Writing Mini-Lessons: Vague Confusion
An explanation of vague pronoun references and how to avoid them from English Grammar for Dummies, 2nd Edition.
You can improve your writing a lot by taking care not to use vague pronoun references. One pronoun may refer to one noun. A plural pronoun may refer to more than one noun. But no pronoun may refer to a whole sentence or a whole paragraph. Consider the following scenario:
Lulu likes to arrive at school around eleven o’clock each day because she thinks that getting up at any hour earlier than ten o’clock is barbaric. The principal, not surprisingly, thinks that arriving two hours late each day is not a good idea. This is a problem.
This certainly is a problem, and not because of Lulu’s sleeping habits or the principal’s beliefs. This is a problem because the antecedent of the word this is unclear. What does this mean? The fact that Lulu arrives around eleven? That Lulu thinks getting up before 10 is out of the question? Or that the principal and Lulu are not, to put it mildly, in sync? Or all of the above?
The writer probably intends this to refer to all of the above, a perfectly good answer on those horrible multiple choice tests you have to take far too often these days. Unfortunately, all of the above is not a good answer to the question, “What does the pronoun mean?”
Wrong: The new orange dye Lola’s hairdresser selected looks horrible, and the cut looks as though it were done by a kindergartener. This persuaded Lola to attend the dance wearing her purple wig.
Why it’s wrong: This is referring to the twenty-one words of the preceding sentence, not to one noun.
Right: Because the new orange dye Lola’s hairdresser selected looks horrible and the cut looks as though it were done by a kindergartener, Lola decided to attend the dance wearing her purple wig.
Also right: The fact that the new orange dye her hairdresser selected looks horrible and the cut looks as though it were done by a kindergartener persuaded Lola to attend the dance wearing her purple wig.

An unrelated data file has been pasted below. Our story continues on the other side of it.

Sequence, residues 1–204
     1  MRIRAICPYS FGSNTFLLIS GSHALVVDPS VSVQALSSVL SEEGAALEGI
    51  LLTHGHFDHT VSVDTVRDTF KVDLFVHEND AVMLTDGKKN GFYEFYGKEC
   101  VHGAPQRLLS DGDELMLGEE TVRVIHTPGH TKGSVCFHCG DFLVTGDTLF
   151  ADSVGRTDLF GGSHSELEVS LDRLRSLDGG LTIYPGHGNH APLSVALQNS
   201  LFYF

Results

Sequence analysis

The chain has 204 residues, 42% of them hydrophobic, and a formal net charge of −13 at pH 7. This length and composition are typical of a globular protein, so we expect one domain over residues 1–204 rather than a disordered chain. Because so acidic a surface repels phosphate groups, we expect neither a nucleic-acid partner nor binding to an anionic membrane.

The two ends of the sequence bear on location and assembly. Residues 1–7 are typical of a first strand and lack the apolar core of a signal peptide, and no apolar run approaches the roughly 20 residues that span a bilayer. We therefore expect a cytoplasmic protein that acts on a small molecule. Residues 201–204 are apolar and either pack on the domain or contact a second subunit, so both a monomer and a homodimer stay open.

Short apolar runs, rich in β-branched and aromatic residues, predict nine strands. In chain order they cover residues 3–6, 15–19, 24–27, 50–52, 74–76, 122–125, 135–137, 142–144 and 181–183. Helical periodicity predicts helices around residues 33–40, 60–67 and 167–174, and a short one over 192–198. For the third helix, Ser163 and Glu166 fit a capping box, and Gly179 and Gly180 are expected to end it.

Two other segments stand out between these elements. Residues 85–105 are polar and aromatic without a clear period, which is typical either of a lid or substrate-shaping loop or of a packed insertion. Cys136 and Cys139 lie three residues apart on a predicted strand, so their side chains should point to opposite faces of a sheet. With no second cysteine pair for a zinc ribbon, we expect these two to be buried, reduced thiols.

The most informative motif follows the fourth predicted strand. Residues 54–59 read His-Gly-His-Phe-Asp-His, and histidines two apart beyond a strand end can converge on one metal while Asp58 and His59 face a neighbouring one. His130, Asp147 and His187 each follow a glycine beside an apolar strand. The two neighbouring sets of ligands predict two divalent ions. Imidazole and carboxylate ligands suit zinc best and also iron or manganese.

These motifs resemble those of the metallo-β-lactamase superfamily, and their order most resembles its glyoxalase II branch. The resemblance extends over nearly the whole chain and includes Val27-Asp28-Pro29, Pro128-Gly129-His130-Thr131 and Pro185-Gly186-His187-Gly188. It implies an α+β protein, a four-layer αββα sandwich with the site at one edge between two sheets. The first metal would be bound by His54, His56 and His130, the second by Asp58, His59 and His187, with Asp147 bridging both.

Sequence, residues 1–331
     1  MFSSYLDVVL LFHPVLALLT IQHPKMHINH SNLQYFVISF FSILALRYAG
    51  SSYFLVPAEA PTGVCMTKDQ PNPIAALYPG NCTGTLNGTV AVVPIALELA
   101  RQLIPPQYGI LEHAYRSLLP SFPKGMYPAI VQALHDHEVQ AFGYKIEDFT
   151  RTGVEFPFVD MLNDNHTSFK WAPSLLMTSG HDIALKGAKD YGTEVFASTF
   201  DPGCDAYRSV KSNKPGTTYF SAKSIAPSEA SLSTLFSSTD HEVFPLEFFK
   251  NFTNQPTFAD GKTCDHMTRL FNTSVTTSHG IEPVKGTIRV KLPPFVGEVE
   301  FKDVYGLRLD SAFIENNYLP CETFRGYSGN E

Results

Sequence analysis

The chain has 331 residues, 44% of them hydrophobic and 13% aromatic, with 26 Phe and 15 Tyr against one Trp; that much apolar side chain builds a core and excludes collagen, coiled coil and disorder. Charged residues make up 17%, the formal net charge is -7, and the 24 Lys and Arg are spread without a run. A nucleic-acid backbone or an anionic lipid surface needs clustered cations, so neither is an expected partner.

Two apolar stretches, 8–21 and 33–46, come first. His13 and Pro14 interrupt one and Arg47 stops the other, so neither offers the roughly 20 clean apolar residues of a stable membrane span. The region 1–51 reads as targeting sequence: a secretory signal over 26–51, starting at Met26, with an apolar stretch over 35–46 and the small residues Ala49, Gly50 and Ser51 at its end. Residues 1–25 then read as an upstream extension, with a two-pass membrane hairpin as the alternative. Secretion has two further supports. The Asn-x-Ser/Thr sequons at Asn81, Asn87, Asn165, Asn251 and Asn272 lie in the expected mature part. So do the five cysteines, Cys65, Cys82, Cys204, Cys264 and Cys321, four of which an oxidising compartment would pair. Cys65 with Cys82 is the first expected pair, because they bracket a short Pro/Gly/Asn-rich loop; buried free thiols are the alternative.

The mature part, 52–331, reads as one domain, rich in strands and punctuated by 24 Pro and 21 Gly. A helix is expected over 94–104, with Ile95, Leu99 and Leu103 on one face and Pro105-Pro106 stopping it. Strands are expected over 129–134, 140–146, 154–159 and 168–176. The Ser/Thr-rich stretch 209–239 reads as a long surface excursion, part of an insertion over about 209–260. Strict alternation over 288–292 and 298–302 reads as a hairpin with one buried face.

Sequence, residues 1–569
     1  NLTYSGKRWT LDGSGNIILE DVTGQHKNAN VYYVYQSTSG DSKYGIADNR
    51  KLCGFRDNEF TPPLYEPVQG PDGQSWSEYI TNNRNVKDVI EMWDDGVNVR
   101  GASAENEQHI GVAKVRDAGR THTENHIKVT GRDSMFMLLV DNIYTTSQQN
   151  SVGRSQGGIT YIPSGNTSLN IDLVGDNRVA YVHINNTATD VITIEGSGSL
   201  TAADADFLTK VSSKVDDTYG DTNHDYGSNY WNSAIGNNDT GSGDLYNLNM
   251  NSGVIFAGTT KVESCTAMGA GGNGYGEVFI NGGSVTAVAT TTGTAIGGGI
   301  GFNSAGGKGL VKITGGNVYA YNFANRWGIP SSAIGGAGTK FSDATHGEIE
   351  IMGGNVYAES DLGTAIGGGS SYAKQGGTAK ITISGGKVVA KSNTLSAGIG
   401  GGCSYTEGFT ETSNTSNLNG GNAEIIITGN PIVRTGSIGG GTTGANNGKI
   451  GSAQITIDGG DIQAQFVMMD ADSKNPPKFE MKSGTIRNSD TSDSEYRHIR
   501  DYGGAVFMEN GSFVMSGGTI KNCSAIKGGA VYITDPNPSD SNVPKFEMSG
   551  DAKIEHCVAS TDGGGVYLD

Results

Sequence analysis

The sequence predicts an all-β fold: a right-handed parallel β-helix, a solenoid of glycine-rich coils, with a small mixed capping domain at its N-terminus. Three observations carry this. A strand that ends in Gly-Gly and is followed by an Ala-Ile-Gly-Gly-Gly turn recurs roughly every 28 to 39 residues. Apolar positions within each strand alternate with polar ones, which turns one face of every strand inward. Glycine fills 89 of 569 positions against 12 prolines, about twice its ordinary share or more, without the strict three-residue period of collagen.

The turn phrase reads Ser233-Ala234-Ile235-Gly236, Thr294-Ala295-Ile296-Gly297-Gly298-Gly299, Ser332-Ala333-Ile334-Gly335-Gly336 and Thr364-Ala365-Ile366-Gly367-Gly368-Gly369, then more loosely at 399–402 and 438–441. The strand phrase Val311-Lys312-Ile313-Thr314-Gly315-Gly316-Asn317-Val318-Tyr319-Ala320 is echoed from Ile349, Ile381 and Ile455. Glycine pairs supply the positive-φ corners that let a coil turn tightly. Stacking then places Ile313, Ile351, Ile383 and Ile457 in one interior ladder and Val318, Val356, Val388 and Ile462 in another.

Why they’re right: Eliminating this eliminates the problem.
As you see in the preceding example, sometimes the only way to avoid this sort of pronoun error is to write a sentence that needs no pronoun at all.
In ordinary speech (conversational English) you may use this, which, or that to refer to more than one word, as long as your meaning is clear. For example:
Roger refused to defuse the explosive postage stamp, which angered all the postal workers.
The pronoun which in the preceding example refers to the fact that Roger refused to defuse the explosive stamp. Your audience grasps the meaning easily. However, grammatically, the sentence is incorrect because which should replace only one noun. Bottom line: In formal writing you should follow the rule and reject the sentence. In informal situations, go ahead and use it.
In both conversational and formal English, avoid vagueness. Never use a pronoun that may refer to two or more ideas; don’t leave your reader or listener wondering what you mean. For example:
Lulu’s history research paper was ten days late and ten pages short. That earned Lulu an F on the assignment.
What convinced the teacher to fail Lulu? The lateness or the fact that she wrote exactly 34 words on “The French Revolution: Its Causes and Effects in Relation to the Concept of Democracy”? One of these factors? If so, which one? Or both? Inquiring minds want to know, and the pronoun that doesn’t tell. Possible corrections include the following:
Because Lulu’s history research paper was ten days late and ten pages short, the teacher failed Lulu. (Now you know that both factors influenced the grade.)
Lulu’s history research paper was ten days late, so the teacher failed Lulu. Even if it had arrived on time, the fact that it was ten pages short would have earned her a low grade on the assignment anyway. (The lateness is primary, but the length mattered also.)
Lulu’s teacher was willing to overlook the fact that Lulu handed in her history research paper ten days late. However, the teacher failed Lulu for writing only 34 words instead of ten pages. (The teacher doesn’t care about lateness but objects to the length.)
Lulu’s teacher didn’t mind the shortness of Lulu’s history research paper, but the teacher failed Lulu anyway because the paper was ten days late. (In this version promptness matters and length doesn’t.)
Which correction is best? It is hard to say, because the original isn’t clear. Vague pronouns lead to multiple interpretations and loss of meaning.
To sum up this simple rule: Be clear when using pronouns.